Some questions immediately come to mind. Do we really want to toss out our health care system and convert it into a government health care program? Why would we go that route, especially while many Wisconsin residents approve of their current health coverage and our care is good quality?

Put the 24/7 Wall Street report in perspective. If not for the rating about health insurance, our overall management ranking would have been much lower than number 18. Our states fares poorly in key management areas.

We can learn a valuable lesson from critical advice offered by 24/7 Wall Street.

“S
tates can control their own destinies. Well-run states have a great deal in common with well-run corporations. Books are kept balanced. Investment is prudent. Debt is sustainable. Innovation is prized. Workers are well-chosen and well-trained. Executives are picked based on merit and not ‘politics’.”

State Senate Committee Acts on Bureaucratic Overreach

Business, Legislation


Earlier today, the Senate Committee on Small Business that I serve on met to discuss payday loan regulations put forward by the Department of Financial Institutions (DFI).  The new regulations follow the payday loan bill, signed into law earlier this year.

 

Read more

UW research brings hope for ovarian cancer


I was pleased to attend a presentation today by the Wisconsin Ovarian Cancer Alliance in the Senate Parlor at the state Capitol that brought exciting news. The University of Wisconsin Medical School is on the cutting edge of ovarian cancer research.

Presenters included Manish Patankar and Joseph Connor, both Assistant Professors at the UW Medical School Department of Obstetrics and Gynecology. The school received a two-year pilot study grant during June from the National Institute of Health (NIH) to fine tune research on the cancer 125 (CA-125) molecule. Obtaining the grant is noteworthy since the NIH rejects about 90 percent of grant applications received.

The CA-125 molecule is a large molecule made on the surface of cancer cells that sheds into the bloodstream. UW researchers made the discovery that CA-125 attaches or sticks onto immune cells in the body. A healthy immune cell can suppress a cancer cell. CA 125 is seen in pelvic disorders.

Ovarian cancer patients have donated blood and tissue, allowing researchers to analyze CA-125 and learn more about its functions inside the body. UW researchers want to create an antibody therapy that will target CA-125 molecules stuck on ovarian cancer cells.

More than 21,000 women are diagnosed with ovarian cancer annually, and more than 15,000 women die from the disease each year, according to the American Cancer Society.

I commend Professors Patankar and Connor for their dedication to saving women’s lives and wish them continued success.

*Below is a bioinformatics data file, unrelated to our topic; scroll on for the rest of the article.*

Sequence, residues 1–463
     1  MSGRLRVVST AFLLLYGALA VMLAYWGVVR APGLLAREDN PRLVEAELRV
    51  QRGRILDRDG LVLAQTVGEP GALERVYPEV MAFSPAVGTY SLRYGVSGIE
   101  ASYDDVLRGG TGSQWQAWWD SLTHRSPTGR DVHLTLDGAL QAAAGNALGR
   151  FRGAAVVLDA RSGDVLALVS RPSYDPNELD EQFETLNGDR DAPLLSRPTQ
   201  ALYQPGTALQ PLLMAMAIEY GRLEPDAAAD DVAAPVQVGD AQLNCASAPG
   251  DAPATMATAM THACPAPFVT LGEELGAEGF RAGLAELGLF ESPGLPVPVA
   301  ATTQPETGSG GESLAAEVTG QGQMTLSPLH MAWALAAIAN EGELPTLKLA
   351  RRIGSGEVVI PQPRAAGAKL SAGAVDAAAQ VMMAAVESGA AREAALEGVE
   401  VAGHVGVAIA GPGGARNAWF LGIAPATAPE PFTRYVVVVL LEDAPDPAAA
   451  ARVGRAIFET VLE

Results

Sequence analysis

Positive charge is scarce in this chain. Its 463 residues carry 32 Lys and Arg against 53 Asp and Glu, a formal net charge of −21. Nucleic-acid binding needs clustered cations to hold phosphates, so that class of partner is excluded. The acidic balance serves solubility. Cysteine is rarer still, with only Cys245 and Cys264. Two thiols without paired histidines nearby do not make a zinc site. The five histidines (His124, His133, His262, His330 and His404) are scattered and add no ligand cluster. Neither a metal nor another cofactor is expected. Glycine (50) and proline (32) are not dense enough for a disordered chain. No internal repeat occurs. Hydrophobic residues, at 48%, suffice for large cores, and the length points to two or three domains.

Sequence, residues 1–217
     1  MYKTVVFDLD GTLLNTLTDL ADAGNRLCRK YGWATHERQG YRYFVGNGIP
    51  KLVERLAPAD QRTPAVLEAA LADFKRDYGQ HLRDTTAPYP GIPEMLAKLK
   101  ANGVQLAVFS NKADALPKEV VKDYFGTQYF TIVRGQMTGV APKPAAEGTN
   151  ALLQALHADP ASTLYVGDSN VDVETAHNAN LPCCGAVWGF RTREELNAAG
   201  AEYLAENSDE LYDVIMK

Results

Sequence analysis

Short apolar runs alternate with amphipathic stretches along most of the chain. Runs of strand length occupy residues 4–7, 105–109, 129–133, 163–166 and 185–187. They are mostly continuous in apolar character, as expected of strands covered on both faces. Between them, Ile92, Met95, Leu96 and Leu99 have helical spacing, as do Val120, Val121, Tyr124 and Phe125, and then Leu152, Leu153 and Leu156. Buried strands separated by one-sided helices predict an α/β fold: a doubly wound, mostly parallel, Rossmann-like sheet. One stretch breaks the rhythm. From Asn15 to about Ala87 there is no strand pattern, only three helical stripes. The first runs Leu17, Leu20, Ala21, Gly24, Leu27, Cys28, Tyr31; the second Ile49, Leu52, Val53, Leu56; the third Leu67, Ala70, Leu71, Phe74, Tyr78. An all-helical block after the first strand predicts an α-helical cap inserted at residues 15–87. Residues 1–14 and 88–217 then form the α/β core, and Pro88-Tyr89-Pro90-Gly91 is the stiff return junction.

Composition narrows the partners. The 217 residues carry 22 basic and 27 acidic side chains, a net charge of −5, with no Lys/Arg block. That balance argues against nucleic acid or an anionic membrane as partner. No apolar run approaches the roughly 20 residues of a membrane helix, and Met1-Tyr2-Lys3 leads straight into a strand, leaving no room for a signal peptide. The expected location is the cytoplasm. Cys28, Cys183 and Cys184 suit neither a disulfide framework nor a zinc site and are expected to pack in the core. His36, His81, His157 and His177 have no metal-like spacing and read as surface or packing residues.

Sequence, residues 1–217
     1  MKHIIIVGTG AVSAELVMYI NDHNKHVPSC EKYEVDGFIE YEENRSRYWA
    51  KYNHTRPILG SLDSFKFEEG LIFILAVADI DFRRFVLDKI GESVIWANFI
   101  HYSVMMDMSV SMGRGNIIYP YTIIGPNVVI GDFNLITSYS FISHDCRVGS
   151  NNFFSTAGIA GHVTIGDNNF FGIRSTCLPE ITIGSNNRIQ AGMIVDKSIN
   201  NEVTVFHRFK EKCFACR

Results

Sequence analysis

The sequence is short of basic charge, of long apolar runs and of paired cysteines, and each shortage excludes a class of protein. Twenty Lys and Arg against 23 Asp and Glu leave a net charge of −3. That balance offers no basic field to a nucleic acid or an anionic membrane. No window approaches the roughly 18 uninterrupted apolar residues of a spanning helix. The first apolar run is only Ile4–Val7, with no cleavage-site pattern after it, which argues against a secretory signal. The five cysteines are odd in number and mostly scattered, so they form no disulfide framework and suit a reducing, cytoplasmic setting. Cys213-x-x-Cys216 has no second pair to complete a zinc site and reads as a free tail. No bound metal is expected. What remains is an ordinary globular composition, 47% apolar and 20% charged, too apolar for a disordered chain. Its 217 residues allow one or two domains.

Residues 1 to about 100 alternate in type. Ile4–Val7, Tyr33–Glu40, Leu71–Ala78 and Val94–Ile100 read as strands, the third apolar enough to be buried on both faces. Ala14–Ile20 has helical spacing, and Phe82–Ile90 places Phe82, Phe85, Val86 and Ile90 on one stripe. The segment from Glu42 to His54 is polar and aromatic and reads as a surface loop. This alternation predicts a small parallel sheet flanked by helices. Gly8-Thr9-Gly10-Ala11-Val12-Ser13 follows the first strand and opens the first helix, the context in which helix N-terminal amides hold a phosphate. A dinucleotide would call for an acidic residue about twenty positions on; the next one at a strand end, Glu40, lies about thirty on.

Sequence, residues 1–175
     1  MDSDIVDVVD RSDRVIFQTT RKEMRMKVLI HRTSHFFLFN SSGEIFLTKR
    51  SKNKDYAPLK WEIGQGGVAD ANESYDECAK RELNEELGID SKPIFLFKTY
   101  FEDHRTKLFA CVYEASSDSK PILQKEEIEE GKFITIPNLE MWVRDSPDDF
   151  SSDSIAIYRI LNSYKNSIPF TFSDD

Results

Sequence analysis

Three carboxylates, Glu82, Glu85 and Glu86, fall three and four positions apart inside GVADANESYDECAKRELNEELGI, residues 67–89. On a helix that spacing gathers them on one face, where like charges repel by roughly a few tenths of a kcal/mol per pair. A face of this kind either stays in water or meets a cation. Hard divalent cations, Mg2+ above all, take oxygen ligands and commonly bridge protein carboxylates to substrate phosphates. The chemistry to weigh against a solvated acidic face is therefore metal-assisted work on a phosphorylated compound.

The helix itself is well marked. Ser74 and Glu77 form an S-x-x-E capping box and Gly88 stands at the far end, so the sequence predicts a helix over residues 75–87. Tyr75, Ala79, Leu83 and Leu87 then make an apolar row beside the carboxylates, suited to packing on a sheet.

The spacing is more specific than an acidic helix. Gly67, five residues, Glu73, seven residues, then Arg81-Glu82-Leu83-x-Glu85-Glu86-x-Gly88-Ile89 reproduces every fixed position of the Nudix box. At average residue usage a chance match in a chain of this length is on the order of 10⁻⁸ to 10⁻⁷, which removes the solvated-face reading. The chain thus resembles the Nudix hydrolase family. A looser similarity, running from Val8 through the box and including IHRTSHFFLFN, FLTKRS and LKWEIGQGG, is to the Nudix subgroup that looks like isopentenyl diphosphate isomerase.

It's high school football playoff time!

Good news from Senate District 28


Congratulations and good luck to these Senate District 28 high school football teams selected by the WIAA to play in the state playoffs beginning tonight:

Franklin

Greendale

Greendale Martin Luther

Muskego

Mukwonago
 

New Berlin West

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Wisconsin business climate could be better


The state of Wisconsin continues to post one of the worst business climate rankings in the country. The Tax Foundation in Washington  D.C. ranks Wisconsin #40. During fiscal year 2010, Wisconsin ranked #42.

As it does every year, the Tax Foundation examined the following state data to calculate rankings followed by Wisconsin’s ranking in each category:

The Corporate Tax Index (29)

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DOC defends administrator's commute from Illinois


During August 2010, the Legislative Audit Bureau (LAB) released a report about the Division of Gaming that included details about reimbursements for a staff attorney.I blogged:

“The LAB suggested the expenditures pertaining to the Division’s full-time legal counsel be monitored closely to ensure they are reasonable and necessary. The Chicago home of the Division staff attorney has been designated his office headquarters. From fiscal year 2006-07 through fiscal year 2008-09, the Division reimbursed him $26,300 for mileage between his home and the Division’s office and for food and lodging while he stayed in Madison. The LAB reports, ‘Division officials believe that the experience and specialized knowledge of this employee justify this unusual arrangement, and they assert that contracting for legal services would have resulted in substantially higher costs’.”